Average User Score: 7.1Aug 18, 2011F.E.A.R 1 was clunky but brilliant. its graphics and level design lacked a certain polish, but people (including me) enjoyed it immenselyF.E.A.R 1 was clunky but brilliant. its graphics and level design lacked a certain polish, but people (including me) enjoyed it immensely because of its genuinely spooky atmospherics and storyline. F.E.A.R. 2 was good too, but in exactly the opposite way: its graphics and level design were INCREDIBLY sleek and polished, and the whole experience bristled with a delicious sense of knowing, black comedy. . . but it wasn't scary at all. The designers of F.E.A.R. 3 were clearly attempting to bring back the raw-edged creepiness of F.E.A.R. 1 without losing the high production values and sophistication of F.E.A.R. 2. . .oh, and making the franchise into a co-op game. Unfortunately, these objectives all got in each others' way, creating a result that -while by no means a disaster- will be a disappointment to the franchise's fans. A lot of the fear that made F.E.A.R 1 great came from the fact that -aside from terrifying psychic visions of the creepiest little girl this side of The Ring- your character is almost always *alone.* It would seem impossible to feel alone in a story that provides you with a teammate, but the designers did their best to preserve the sense of isolation. . .by providing you with a teammate who you don't care about and don't trust. This holds true, by the way, whether you play as The Point Man or Paxton Fettel. Both characters were probably written to come off as tough anti-heroes, but they're both so loathsome that you find yourself rooting for the monsters to come and kill them both. The problem, of course, is that hating your character (and you will) makes it pretty much impossible to be afraid. The polish of F.E.A.R. 2, unfortunately, was another casualty. Although there are still some elements of dark humor, and there's still some decent eye candy, the designers seem to have always opted for what they thought might look *scary* whenever it came in tension with what might look *cool.* In practice, that means a lot fewer 'mechs, superweapons, and brightly lit kill-fests, and a lot more dark, twisty, claustrophobic, mazes filled with enemies who hit you from behind. . . which you'll be grateful for, since a) it takes them so long to find you that you get bored; and b) that's the only way for you to find them.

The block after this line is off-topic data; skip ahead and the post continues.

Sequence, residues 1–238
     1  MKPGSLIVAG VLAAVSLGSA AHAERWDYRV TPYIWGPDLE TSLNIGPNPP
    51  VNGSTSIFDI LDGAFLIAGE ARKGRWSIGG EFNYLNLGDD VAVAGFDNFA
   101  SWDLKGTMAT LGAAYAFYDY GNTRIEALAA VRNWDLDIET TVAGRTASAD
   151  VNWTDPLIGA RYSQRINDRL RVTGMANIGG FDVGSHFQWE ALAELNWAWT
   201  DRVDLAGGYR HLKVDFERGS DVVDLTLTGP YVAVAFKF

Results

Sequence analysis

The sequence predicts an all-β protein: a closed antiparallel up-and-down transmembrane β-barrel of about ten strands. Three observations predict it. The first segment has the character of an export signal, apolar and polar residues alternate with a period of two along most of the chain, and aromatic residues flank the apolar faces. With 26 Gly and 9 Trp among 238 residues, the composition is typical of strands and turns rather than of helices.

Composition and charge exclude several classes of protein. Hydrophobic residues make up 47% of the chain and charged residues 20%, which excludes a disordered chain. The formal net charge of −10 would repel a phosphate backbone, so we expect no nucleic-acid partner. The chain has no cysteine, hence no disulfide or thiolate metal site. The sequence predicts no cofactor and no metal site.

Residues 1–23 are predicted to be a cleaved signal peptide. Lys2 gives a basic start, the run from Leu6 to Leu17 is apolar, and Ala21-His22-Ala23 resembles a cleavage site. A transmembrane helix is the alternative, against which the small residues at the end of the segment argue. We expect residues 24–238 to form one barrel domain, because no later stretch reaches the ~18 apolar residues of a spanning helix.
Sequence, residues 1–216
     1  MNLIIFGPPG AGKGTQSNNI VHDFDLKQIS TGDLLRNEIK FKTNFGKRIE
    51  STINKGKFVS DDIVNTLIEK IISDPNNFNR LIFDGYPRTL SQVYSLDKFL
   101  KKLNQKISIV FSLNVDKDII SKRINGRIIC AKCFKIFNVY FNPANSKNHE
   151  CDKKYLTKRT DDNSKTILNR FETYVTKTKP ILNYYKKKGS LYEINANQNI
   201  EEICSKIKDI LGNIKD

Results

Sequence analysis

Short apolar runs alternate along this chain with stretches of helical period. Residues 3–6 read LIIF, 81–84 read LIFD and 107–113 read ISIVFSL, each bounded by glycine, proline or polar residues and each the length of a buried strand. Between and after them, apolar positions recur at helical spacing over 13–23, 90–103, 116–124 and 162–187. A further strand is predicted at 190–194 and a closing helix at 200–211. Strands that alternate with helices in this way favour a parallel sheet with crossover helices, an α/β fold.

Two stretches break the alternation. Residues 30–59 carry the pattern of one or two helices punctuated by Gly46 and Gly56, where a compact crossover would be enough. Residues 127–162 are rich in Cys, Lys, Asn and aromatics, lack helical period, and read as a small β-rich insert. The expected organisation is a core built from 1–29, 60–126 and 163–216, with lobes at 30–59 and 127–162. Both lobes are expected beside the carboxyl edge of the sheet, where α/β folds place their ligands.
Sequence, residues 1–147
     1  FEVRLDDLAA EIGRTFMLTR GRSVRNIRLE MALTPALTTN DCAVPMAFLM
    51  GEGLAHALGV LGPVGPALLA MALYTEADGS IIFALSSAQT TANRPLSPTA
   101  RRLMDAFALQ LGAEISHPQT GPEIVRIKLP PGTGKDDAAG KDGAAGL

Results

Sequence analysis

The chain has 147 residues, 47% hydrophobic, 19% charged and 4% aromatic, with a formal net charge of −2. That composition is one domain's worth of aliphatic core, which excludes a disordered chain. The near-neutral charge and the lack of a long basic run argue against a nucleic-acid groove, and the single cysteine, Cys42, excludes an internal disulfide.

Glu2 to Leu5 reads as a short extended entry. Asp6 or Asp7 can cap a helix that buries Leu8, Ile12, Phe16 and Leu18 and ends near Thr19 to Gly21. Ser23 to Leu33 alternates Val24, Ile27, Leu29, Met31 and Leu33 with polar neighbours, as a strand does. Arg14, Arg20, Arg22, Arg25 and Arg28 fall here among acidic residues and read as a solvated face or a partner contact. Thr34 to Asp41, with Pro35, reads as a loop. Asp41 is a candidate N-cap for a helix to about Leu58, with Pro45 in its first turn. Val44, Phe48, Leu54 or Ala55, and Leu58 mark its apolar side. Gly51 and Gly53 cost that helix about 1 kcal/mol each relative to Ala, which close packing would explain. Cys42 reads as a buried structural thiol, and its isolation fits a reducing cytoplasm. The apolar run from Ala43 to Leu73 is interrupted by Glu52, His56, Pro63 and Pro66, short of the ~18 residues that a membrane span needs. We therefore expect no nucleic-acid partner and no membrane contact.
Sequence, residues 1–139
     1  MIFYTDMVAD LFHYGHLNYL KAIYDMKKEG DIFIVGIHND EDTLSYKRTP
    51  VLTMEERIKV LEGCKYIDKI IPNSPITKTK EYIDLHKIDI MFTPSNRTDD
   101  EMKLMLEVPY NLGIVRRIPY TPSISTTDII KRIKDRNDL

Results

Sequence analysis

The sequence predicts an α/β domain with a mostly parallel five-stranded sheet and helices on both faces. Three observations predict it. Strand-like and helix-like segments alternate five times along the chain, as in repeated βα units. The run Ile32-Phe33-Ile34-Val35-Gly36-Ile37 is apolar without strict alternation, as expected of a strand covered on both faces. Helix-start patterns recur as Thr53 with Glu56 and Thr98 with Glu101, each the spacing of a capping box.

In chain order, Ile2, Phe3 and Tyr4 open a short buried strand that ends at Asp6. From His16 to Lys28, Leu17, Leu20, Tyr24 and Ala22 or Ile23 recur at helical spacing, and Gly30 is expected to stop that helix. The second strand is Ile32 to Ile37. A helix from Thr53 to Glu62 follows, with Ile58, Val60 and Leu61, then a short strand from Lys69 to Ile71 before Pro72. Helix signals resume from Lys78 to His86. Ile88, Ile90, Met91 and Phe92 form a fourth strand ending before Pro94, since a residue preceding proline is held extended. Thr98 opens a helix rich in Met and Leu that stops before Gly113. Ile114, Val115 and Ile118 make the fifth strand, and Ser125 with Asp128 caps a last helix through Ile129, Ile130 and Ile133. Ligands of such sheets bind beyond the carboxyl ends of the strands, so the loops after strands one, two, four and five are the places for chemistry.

In all, a disappointing near-miss.… Expand
Average User Score: 7.7Aug 18, 2011The quirky sense of humor and sprawling universe of this game reminds me of Starflight; its elegant mechanics and satisfying storyline remindThe quirky sense of humor and sprawling universe of this game reminds me of Starflight; its elegant mechanics and satisfying storyline remind me of Ascension; and its giddy, free-wheeling amorality (and almost accidental-seeming invention of a completely new interface) remind me of Elite. If you don't remember those titles, don't feel bad. . . the last of them came out in 1995. If you DO remember those titles (as the TWO GUYS[!!!] who wrote S.P.A.Z. almost certainly do), then you'll know how enormous those compliments are.
If you're NOT old enough to remember those titles, then prepare to suffer the pangs of an addiction as insatiable as a century-old circus monkey's craving for cigarettes, which will sink its hooks into you from the moment you boot this game up. Do yourself a favor and grab this title now, while it's still just $15 bucks. You'll have it on your hard drive forever, and if you don't snag it now, you'll just end up buying it at full price.… Expand